Finals… How do you describe finals at CWIF? Well to start you have to discuss the incredible atmosphere. People queuing for hours to get good spots, ramming into the viewing area to make sure they catch the action. It was to say the least, packed. Indeed, packed tighter than a can of sardines that’s been run over by a lorry.
Expertly MC’ed by Percy Bishton and Danaan Markey, the energy levels were high and the crowd were anticipating an exciting final. They weren’t to be disappointed.
The evening’s entertainment started with a donation from CAC of a whooping £25000 to cancer research at the Weston Park Cancer Charity. It’s great to see that John Ellison’s legacy remains strong at the CWIF and as Shauna said during the presentation, it feels still feels strange being at the CWIF without him.
Then, as finals rolled out, so did the big controversy of the competition. The adoption of a 4 minute climb time. As a new IFSC World Cup rule for 2017, the team at CWIF implemented the change and it was a complete disaster. Everyone, from the climbers, to the spectators to the setters complained about the impact it had on the show.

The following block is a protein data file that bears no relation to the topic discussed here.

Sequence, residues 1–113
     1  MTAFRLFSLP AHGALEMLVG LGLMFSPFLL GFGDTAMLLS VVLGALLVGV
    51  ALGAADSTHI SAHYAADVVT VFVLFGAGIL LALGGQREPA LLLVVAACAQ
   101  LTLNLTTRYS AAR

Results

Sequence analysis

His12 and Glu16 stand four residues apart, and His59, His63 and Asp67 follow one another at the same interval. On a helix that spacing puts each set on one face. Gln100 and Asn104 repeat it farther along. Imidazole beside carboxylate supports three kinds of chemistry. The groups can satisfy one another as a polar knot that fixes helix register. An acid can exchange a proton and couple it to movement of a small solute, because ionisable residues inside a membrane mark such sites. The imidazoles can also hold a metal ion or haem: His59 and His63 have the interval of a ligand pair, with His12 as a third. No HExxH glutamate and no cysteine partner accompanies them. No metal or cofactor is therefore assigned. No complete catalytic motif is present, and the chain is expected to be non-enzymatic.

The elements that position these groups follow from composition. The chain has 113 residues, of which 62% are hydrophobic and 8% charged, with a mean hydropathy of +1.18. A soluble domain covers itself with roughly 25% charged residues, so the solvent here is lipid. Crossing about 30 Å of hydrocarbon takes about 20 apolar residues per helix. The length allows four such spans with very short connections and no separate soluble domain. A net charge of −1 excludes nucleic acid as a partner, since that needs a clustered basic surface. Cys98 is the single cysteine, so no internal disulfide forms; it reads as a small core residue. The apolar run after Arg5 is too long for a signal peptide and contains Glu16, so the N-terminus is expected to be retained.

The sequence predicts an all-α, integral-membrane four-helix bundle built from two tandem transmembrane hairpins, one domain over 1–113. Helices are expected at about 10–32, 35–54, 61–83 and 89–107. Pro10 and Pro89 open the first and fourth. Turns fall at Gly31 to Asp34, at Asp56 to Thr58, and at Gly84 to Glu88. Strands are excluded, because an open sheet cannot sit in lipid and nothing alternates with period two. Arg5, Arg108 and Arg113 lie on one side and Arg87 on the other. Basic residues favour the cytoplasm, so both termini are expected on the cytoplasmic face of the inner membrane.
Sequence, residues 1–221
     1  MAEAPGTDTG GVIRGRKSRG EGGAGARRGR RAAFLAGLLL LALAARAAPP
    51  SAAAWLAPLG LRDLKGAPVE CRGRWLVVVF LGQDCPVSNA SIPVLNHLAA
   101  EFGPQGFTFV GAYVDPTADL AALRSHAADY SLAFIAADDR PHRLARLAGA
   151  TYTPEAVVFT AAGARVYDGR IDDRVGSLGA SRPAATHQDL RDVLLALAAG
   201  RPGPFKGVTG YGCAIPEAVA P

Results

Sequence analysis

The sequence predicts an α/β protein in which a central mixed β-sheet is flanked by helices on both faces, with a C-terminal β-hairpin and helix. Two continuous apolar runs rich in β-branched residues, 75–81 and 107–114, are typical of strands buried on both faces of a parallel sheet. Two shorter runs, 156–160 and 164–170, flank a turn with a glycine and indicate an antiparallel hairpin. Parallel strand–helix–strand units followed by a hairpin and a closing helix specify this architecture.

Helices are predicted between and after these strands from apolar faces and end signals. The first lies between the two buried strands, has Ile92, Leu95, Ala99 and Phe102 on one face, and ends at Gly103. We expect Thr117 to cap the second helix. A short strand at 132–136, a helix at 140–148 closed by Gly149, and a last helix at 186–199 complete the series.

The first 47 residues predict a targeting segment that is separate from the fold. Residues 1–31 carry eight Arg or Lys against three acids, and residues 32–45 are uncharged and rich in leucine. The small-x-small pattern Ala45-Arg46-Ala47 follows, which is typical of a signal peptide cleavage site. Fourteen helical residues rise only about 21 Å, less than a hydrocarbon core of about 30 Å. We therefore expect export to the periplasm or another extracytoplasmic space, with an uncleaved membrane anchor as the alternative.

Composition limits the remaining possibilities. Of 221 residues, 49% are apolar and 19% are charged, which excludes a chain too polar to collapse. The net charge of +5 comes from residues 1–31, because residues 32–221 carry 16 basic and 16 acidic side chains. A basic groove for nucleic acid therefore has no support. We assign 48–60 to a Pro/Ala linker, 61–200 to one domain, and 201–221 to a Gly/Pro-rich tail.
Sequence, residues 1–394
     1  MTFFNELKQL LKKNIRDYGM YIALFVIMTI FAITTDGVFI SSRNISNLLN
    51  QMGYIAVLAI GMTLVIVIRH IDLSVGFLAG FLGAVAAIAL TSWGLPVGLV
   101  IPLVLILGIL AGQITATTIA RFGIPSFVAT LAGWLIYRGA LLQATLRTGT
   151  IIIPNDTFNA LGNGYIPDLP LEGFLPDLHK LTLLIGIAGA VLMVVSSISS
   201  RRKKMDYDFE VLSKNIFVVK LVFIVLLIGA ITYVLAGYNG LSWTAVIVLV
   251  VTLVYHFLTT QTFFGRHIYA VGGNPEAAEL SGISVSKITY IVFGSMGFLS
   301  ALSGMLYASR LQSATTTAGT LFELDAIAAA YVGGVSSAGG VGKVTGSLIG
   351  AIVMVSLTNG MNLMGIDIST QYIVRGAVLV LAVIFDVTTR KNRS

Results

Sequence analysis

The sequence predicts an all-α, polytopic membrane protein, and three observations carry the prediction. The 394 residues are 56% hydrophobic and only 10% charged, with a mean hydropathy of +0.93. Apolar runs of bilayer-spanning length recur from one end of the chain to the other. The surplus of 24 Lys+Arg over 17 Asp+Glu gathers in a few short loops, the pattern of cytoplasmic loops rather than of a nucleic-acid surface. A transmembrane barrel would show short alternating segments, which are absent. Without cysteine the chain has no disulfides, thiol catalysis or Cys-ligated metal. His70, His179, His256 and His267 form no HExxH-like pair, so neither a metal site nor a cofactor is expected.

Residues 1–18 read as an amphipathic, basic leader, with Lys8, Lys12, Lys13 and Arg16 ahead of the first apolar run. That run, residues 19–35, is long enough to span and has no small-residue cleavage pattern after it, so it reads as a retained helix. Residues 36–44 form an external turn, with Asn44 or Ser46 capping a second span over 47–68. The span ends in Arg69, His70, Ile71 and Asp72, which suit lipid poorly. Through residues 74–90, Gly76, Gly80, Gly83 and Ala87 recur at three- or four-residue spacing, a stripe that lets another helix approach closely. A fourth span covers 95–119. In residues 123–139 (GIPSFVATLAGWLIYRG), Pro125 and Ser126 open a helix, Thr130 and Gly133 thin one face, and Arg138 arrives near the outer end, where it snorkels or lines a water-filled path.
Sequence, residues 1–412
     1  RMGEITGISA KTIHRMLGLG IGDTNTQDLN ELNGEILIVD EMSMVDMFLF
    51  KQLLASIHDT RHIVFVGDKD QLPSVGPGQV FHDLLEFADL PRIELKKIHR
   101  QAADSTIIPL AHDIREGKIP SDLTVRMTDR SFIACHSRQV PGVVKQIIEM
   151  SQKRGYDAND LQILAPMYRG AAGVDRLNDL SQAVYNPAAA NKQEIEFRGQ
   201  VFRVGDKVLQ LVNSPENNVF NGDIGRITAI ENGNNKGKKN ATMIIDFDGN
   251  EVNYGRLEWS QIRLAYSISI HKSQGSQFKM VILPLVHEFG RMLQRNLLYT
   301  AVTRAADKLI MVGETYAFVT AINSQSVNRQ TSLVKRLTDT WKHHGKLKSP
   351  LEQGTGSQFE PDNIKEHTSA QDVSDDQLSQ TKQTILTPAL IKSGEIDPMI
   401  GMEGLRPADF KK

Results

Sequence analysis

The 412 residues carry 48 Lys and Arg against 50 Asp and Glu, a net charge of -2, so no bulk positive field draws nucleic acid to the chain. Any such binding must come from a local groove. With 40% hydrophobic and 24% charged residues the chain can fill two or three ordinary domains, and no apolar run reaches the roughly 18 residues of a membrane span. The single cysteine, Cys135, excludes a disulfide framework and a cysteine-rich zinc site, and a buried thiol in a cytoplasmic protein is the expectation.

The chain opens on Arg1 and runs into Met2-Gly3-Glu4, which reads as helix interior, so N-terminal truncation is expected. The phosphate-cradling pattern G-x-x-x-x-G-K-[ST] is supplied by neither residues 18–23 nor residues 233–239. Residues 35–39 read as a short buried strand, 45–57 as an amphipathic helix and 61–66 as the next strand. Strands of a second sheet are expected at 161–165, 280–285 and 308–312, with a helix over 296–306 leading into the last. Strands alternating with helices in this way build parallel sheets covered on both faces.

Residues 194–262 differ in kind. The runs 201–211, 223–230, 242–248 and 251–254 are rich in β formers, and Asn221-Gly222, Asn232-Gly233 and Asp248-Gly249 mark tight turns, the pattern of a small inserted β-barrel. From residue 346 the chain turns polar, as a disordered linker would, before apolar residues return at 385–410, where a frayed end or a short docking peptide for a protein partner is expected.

By removing the 4+ rule, where a climber on the wall at the expiry of time could continue, we ended up seeing climbers walking from the mats half a minute from time on some problems as they knew they lacked the time to top the problem.
The spectators were commenting it made it look like the climbers were quitting, wimping out on the problems.
The Climbers were complaining it looked bad for them, and saying it impacted their recovery before final attempts. And, on slow problems meant realistically only one good attempt was possible.
And the setters were left frustrated as they had set from years of experience of 4+, but the climbers were running out of time before they solved some of the technically challenging problems.